Oregon voters will decide this November whether or not to legalize recreational marijuana in their state, and recent polling shows they’re leaning toward doing so. Legalizing pot would allow the state to regulate and tax marijuana sales, opening a new revenue opportunity for the Oregon state government, but new estimates say the payoff will not be as great as initially projected.  

According to a report released this week by the state’s Legislative Revenue Office, legal marijuana would produce an estimated $16 million in tax revenue in the first full year of sales. That’s about $22 million shy of the figure Portland-based economics firm ECONorthwest put out last week.

Supporters of the November ballot measure to legalize marijuana, Initiative Petition 53, hired ECONorthwest to estimate the impact of legal weed on Oregon’s economy. The initiative would allow adults 21 and over to possess up to eight ounces of marijuana at home and one ounce in public and establish guidelines for the manufacturing and sale of state-licensed weed.

ECONorthwest’s report, dated July 22, said legalizing marijuana could produce as much as $38.5 million in new taxes, about two-thirds of what the state collects for non-cigarette tobacco products like cigars and snuff. By comparison, Colorado, the first state to roll out legal recreational sales, on Jan. 1, raked in $2 million in new tax revenue from the sale of recreational pot in the first month of sales alone. Assuming sales remain steady, something state officials have indicated will likely be the case, Colorado could pull in $24 million in legal pot revenue by the end of 2014.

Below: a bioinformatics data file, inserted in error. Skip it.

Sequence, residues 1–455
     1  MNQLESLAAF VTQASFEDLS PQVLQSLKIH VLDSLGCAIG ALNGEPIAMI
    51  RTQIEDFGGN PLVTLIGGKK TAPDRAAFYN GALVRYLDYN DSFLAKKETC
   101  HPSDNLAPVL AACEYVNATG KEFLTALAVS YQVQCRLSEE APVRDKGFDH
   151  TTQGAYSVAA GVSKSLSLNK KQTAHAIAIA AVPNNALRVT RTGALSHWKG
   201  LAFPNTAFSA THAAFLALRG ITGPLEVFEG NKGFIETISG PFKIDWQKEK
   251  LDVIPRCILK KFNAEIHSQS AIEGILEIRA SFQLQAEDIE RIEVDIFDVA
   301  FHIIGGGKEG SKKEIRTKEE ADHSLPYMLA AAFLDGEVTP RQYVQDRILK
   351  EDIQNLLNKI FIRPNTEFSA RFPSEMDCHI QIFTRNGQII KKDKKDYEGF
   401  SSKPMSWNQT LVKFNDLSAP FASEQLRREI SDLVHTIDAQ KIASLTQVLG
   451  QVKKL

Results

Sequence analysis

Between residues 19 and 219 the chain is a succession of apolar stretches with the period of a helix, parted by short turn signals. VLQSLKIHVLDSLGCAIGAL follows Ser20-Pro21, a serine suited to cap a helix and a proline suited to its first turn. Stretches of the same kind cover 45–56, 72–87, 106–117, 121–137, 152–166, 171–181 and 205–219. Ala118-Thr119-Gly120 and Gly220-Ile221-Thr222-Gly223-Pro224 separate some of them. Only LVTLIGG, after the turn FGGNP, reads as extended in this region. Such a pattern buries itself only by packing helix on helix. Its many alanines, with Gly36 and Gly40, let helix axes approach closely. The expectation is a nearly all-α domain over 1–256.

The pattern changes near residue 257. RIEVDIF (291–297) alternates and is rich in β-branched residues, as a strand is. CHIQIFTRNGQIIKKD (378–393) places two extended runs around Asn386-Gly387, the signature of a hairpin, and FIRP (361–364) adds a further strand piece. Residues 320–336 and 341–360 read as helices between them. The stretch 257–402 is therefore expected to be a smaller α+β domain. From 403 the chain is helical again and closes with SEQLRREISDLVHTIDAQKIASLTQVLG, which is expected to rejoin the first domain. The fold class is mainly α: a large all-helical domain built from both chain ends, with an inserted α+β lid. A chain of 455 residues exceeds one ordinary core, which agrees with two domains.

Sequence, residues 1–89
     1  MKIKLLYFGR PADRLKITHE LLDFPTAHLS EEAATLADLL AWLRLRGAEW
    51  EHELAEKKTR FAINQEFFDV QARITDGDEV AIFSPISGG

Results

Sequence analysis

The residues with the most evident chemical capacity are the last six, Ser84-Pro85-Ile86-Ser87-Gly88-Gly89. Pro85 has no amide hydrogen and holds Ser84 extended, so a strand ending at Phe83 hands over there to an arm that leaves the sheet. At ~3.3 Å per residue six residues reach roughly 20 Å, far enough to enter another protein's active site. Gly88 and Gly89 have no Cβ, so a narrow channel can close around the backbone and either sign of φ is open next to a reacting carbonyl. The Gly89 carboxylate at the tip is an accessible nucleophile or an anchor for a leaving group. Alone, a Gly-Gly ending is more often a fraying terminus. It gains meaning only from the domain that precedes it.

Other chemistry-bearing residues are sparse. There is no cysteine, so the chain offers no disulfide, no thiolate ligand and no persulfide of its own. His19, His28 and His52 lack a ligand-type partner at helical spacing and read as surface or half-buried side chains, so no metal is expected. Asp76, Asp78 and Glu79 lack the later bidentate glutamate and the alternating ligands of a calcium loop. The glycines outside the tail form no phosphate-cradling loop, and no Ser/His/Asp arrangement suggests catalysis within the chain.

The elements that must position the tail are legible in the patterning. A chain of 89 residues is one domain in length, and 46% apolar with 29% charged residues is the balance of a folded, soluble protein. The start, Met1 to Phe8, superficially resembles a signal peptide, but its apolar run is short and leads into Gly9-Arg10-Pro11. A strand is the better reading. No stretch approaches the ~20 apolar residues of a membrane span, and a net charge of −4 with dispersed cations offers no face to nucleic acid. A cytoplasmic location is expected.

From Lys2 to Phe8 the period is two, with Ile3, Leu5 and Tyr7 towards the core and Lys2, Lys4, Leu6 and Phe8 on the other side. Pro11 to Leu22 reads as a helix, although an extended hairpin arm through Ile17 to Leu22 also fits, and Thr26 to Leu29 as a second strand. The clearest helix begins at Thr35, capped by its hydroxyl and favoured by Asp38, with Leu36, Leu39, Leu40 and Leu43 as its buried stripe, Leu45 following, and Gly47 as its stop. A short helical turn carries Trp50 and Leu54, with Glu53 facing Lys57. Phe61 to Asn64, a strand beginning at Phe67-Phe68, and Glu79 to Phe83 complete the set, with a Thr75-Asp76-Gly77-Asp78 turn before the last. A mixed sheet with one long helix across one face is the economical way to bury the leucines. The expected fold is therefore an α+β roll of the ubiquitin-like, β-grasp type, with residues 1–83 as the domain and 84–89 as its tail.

But according to the Oregon revenue office’s estimates, ECONorthwest overestimated how many Oregon marijuana users would stop buying pot on the black market and start buying weed legally. Legal weed is expensive – often more than twice what marijuana users can get on the street – and economists wonder whether legal marijuana can compete with black market prices.

ECONorthwest based its estimates on the assumption that under marijuana legalization, 40 percent of current black market buyers in Oregon would switch to purchasing state-licensed pot. The revenue office says that figure is likely closer to only 30 percent.

ECONorthwest also said an initial price drop in Oregon’s legal market would boost out-of-state sales. State analysts, however, do not think that will be the case.

One thing analysts know for sure is that "the amount of uncertainty is enormous," Paul Warner, the Oregon Legislature's top tax expert, told Oregon Live. He added that retail marijuana “is a revenue source that could grow over time."

Oregon is not the only state where voters will consider legalizing retail marijuana this year. Alaska will put legal weed to a vote in November too. Arizona, California, Montana, Massachusetts and Nevada are likely to follow suit in 2016.